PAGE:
There are also stories that jump right into the fertile territory of Jewish folklore. Three Stars by Isak Bloom (written for this anthology) is a stormy romance between a not-quite-human student and his not-quite-demonic boyfriend. Rise and Walk the Land by David Nurenberg (written for this anthology) is a moral dilemma about burial laws during the zombie apocalypse. And in Strength of my Salvation by Bogi Takács (written for this anthology), divine gifts prove key to saving an entire community.

At the other extreme, we get timelines that launch Jews into space: If the Righteous Wished, They Could Create a World by Jack Nicholls (written for this anthology) is an existential parable where the image of God replicates the image of God, while A Sky and a Heaven by Eric Choi (first publication, 2022) imagines a deeply moving struggle to save the shuttle Columbia.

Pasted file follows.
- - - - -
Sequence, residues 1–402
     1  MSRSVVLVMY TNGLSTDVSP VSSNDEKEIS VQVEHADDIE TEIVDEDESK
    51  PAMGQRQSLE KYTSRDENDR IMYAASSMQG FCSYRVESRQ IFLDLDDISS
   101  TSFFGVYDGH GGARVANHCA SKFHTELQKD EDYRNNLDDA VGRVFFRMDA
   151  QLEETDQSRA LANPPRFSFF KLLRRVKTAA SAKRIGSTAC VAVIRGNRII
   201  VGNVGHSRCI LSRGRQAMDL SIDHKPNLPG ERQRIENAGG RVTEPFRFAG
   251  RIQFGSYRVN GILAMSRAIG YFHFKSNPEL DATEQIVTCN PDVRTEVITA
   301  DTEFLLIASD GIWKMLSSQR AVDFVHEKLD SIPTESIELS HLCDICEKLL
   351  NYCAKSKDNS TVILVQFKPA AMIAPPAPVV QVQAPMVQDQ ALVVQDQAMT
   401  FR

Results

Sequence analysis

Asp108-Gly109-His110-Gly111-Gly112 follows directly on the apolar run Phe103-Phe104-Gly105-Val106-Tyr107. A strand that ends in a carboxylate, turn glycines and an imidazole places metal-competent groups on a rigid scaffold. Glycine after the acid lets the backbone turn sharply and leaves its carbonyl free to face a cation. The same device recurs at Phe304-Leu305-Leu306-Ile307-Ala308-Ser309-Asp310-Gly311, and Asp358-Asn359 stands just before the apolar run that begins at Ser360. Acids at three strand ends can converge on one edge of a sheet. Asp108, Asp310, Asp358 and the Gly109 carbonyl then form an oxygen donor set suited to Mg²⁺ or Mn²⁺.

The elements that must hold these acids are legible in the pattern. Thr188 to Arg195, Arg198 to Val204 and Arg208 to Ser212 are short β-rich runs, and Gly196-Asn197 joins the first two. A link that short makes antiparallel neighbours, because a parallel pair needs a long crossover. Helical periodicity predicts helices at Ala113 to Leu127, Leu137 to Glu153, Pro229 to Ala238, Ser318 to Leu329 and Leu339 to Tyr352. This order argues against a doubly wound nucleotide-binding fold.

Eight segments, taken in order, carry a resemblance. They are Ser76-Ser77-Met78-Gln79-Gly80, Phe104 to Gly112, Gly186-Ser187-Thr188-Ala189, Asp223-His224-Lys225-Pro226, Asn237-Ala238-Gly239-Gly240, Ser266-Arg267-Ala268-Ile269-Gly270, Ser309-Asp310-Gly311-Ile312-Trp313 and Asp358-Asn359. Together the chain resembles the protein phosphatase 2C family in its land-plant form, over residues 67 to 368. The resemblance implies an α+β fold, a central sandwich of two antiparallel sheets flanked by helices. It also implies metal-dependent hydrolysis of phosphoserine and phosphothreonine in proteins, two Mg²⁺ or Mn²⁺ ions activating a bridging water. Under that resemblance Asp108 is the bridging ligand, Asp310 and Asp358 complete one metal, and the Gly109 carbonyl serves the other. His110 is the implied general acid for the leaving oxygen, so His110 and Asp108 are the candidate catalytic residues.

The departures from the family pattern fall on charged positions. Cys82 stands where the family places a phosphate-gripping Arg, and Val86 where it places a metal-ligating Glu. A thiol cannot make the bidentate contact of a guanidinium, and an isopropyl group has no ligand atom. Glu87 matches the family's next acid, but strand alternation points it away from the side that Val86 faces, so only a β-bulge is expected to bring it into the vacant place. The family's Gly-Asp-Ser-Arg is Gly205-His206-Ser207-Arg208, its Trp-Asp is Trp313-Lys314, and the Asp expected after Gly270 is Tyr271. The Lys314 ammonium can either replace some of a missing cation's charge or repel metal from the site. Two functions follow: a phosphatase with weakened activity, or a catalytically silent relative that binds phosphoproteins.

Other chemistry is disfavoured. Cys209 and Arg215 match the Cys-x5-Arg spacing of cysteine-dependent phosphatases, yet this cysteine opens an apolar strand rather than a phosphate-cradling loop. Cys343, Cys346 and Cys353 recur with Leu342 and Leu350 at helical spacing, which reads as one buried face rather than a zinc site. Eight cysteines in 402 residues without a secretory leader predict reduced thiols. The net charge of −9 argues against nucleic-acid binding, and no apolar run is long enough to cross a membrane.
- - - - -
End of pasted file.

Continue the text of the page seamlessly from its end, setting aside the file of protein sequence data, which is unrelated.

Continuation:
As I said above, most of these alternate histories contain additional stories nested inside of them. Protagonists may be tasked with creating a story, or make a pivotal choice inspired by a story, or lead lives in accordance with the conventions of storytelling. Written in the style of letters, or newspaper pieces, or diary notes, or lost manuscripts, these selections speak of a civilization that conceives of itself as playing a role scripted from eternity. Reading Other Covenants is a fitting way of understanding the people that perfected the method of apophatic reasoning: it's a series of glimpses of what it is, obtained by traversing all the ways it wasn't.

Nerd Coefficient: 8/10.

POSTED BY: Arturo Serrano, multiclass Trekkie/Whovian/Moonie/Miraculer, accumulating experience points for still more obsessions.

Reference: Lobel, Andrea D. and Shainblum, Mark [editors]. Other Covenants: Alternate Histories of the Jewish People [Ben Yehuda Press, 2022].